Geoffrey Clapp, the co-founder of Health Hero and Rock Health mentor, announced the launch of his new startup, Better. Better, backed by The Mayo Clinic and The Social+Capital Fund, has made a mobile app that taps into the vast database of the Mayo Clinic to provide immediate health care information and assistance. A user has to provide their health history and statistics, and then can ask health related questions on the app, which then provides personalized information based on the patient’s history (as opposed to a Google search, for example, which pretty much always tells you you have cancer!).
So how exactly does it work? MobiHealthNews reports:
The user experience of the Better app begins with â€œSiri for healthcareâ€, Clapp said. The app asks: â€œWhat can we help you with?â€ (in writing) and the user types in their question or issue. Arguably, the core offering of the app is a symptom navigator, similar to iTriage. Better, however, is stocked with medical content from the Mayo Clinic. If a user enters certain symptoms, Better might suggest a user consider seeking emergency care or calling their physician, but for those users who have a paid subscription to Better, the app can connect them â€” when appropriate â€” with a lifestyle coach, registered nurse, or physician at the Mayo Clinic.
At the launch of Better at the D:Life Conference, Geoff Clapp demonstrated how the app works, by looking for health advice for abdominal pain. Once the app gives you certain responses, you can read through the different possible diseases (some of which is rather dense and not so mobile friendly – something they’re working on improving), or call for more assistance, which connects you with a registered nurse at the Mayo Clinic. This video by WSJ shows the demonstration as well a brief interview with Clapp about the different functionalities of the App.
MobiHealthNews goes on to report:
Besides the curated content, symptom navigator, and premium telephone consultation services, Better also integrates with various fitness tracking devices. While Clapp didnâ€™t specifically name which devices his app would pull data from, he was wearing both a Basis Band and (what appeared to be) a Jawbone UP on either wrist and did reference both of them during the demo. Basis might be providing heart rate data, while the other wrist-worn device was for tracking steps, he said.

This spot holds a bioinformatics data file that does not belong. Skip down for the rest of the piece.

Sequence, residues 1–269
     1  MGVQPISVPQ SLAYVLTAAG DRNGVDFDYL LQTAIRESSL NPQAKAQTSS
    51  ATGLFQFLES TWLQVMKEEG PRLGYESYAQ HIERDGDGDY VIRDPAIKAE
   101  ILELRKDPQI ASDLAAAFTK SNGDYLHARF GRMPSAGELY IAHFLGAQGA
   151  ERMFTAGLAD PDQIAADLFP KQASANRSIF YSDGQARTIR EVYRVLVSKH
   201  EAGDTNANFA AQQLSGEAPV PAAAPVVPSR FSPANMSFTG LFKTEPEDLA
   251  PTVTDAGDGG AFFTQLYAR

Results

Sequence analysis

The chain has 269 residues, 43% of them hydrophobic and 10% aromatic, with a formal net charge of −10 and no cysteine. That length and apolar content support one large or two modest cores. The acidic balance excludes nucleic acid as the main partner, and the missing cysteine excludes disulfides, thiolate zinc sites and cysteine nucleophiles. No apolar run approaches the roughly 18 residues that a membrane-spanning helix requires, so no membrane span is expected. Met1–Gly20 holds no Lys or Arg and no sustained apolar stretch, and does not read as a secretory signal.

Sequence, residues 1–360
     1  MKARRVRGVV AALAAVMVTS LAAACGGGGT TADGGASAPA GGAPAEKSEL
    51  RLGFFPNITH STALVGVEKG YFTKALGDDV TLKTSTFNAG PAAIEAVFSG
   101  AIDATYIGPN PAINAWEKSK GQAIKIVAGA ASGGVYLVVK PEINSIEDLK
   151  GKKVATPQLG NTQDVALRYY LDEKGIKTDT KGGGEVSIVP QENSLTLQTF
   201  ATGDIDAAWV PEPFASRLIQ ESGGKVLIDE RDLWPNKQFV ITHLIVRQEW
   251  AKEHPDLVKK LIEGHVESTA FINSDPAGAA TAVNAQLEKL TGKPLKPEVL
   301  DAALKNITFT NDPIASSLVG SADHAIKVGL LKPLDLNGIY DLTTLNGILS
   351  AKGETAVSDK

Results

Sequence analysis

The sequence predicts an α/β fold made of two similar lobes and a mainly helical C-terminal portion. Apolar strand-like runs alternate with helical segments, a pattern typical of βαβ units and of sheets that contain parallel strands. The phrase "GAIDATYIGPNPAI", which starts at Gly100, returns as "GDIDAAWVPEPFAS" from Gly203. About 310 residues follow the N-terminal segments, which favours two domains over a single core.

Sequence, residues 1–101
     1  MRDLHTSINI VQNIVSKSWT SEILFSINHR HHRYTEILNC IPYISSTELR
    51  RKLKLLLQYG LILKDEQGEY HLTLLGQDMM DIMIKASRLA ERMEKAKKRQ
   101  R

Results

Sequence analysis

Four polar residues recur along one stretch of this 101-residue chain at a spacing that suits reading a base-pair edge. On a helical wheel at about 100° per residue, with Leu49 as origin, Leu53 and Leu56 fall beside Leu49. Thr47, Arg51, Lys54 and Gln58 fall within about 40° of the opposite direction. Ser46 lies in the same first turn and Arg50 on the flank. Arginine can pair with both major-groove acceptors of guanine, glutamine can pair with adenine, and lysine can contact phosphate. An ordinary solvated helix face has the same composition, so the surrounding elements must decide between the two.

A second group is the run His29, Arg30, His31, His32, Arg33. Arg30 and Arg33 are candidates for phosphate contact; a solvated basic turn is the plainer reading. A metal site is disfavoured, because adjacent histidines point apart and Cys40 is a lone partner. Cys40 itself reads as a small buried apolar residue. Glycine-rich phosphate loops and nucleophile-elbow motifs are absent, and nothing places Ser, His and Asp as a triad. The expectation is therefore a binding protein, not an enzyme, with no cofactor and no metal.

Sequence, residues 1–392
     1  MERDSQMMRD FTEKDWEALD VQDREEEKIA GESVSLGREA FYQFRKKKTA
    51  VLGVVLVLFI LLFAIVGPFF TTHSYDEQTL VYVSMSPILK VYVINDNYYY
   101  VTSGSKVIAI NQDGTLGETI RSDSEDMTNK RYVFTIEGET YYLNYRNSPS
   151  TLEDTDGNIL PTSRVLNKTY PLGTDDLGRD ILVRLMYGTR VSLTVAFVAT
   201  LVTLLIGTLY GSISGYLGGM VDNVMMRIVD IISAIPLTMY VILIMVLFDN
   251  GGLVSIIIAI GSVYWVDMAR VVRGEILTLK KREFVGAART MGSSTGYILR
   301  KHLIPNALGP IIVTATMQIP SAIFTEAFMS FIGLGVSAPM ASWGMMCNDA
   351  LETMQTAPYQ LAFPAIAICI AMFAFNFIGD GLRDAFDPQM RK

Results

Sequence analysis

This is exciting because many new innovations in healthcare have been focused on developing sensors and other means of gathering big data. But, while all this data now exists, there need to new ways of using it in meaningful and helpful ways. Better, by synthesizing this with other healthcare information, will send reminders about exercise, provide health tips, and be able to better process ailments since it continuously tracks everyday activity as well. But the big question is, what does this mean for the future of the healthcare industry? Geoff Clapp writes on his blog:
I fundamentally believe that great care needs to start with great doctors and great nurses, and we need to focus on scaling, not replacing, them. Yes, we have a shortage of care, and yes, the cost of computing power is less than the cost of people – the classic â€œpeople donâ€™t scaleâ€ argument. Starting with the idea that we have to replace people with machines is counterproductive, because it doesnâ€™t force us to solve any of the real problems we have in healthcare today, like operational efficiency, care delivery, and adopting successful consumer models for engagement and growth. So, our take is simple: start out by partnering with the very best healthcare organization in the world, the Mayo Clinic, and focus relentlessly on growth and scale.
He also writes an interesting explanation for why the business model is (initially, anyway) focused on direct-to-consumer:
I believe empowering consumers to be engaged in their health starts with choice. Mobile and consumer choice has changed every market, and healthcare is not an exception to this force. We will work to drive healthcare prices down and to expand options to as much of the population as we can. This starts by providing choice, and exceeding expectations of what â€œquality careâ€ really means. At Better weâ€™ve already taken services you simply canâ€™t get today, made many of them free, and cut the cost of most of them by 30% or more. We will also offer more premium services at a higher price point, and if you want a jet to come pick you up in a foreign country and fly you back to the best care in the world (yes, we offer this), it costs money and is not for everyone. But the very engine of a market economy is empowering customers and growing a market is giving them the choice, and weâ€™re very sure this will have a net-positive effect on the market costs, overall.
While Better won’t be available for another few months, and then too will only be available in the U.S., this could be an excellent model for healthcare in remote locations as well as in rural (or urban) areas as an affordable source of reliable health information. The tiered revenue structure of the app also makes it possible for a range of people to use it to access basic information. However, access to nurses, doctors and hospitals can raise the price of the app considerably. It will be interesting to keep an eye out in this space to see how the app can be scaled effectively amongst low-income communities in places like India, whose need for health care is among the highest, but whose access may be extremely limited.